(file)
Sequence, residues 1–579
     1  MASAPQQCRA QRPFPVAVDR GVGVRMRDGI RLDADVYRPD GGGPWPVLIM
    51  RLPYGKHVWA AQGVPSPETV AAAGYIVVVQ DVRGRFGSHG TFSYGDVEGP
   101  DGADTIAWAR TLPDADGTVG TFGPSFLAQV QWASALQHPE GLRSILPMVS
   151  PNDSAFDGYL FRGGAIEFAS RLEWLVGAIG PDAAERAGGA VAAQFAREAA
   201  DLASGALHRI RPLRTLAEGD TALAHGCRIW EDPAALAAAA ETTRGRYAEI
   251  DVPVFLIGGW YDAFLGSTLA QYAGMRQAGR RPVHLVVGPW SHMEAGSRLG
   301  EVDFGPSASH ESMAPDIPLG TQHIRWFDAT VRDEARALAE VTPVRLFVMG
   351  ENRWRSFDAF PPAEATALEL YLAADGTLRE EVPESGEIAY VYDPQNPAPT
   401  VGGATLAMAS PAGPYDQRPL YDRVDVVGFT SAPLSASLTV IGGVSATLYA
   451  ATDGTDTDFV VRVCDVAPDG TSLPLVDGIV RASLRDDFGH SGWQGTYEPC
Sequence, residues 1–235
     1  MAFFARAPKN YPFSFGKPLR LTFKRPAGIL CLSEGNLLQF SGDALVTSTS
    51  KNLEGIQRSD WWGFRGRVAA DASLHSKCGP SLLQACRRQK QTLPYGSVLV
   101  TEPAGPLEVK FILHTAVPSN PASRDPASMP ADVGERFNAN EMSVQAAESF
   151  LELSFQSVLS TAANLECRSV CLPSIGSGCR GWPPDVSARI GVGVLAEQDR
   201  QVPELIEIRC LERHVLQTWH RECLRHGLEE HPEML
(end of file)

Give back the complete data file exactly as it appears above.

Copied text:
Sequence, residues 1–579
     1  MASAPQQCRA QRPFPVAVDR GVGVRMRDGI RLDADVYRPD GGGPWPVLIM
    51  RLPYGKHVWA AQGVPSPETV AAAGYIVVVQ DVRGRFGSHG TFSYGDVEGP
   101  DGADTIAWAR TLPDADGTVG TFGPSFLAQV QWASALQHPE GLRSILPMVS
   151  PNDSAFDGYL FRGGAIEFAS RLEWLVGAIG PDAAERAGGA VAAQFAREAA
   201  DLASGALHRI RPLRTLAEGD TALAHGCRIW EDPAALAAAA ETTRGRYAEI
   251  DVPVFLIGGW YDAFLGSTLA QYAGMRQAGR RPVHLVVGPW SHMEAGSRLG
   301  EVDFGPSASH ESMAPDIPLG TQHIRWFDAT VRDEARALAE VTPVRLFVMG
   351  ENRWRSFDAF PPAEATALEL YLAADGTLRE EVPESGEIAY VYDPQNPAPT
   401  VGGATLAMAS PAGPYDQRPL YDRVDVVGFT SAPLSASLTV IGGVSATLYA
   451  ATDGTDTDFV VRVCDVAPDG TSLPLVDGIV RASLRDDFGH SGWQGTYEPC
Sequence, residues 1–235
     1  MAFFARAPKN YPFSFGKPLR LTFKRPAGIL CLSEGNLLQF SGDALVTSTS
    51  KNLEGIQRSD WWGFRGRVAA DASLHSKCGP SLLQACRRQK QTLPYGSVLV
   101  TEPAGPLEVK FILHTAVPSN PASRDPASMP ADVGERFNAN EMSVQAAESF
   151  LELSFQSVLS TAANLECRSV CLPSIGSGCR GWPPDVSARI GVGVLAEQDR
   201  QVPELIEIRC LERHVLQTWH RECLRHGLEE HPEML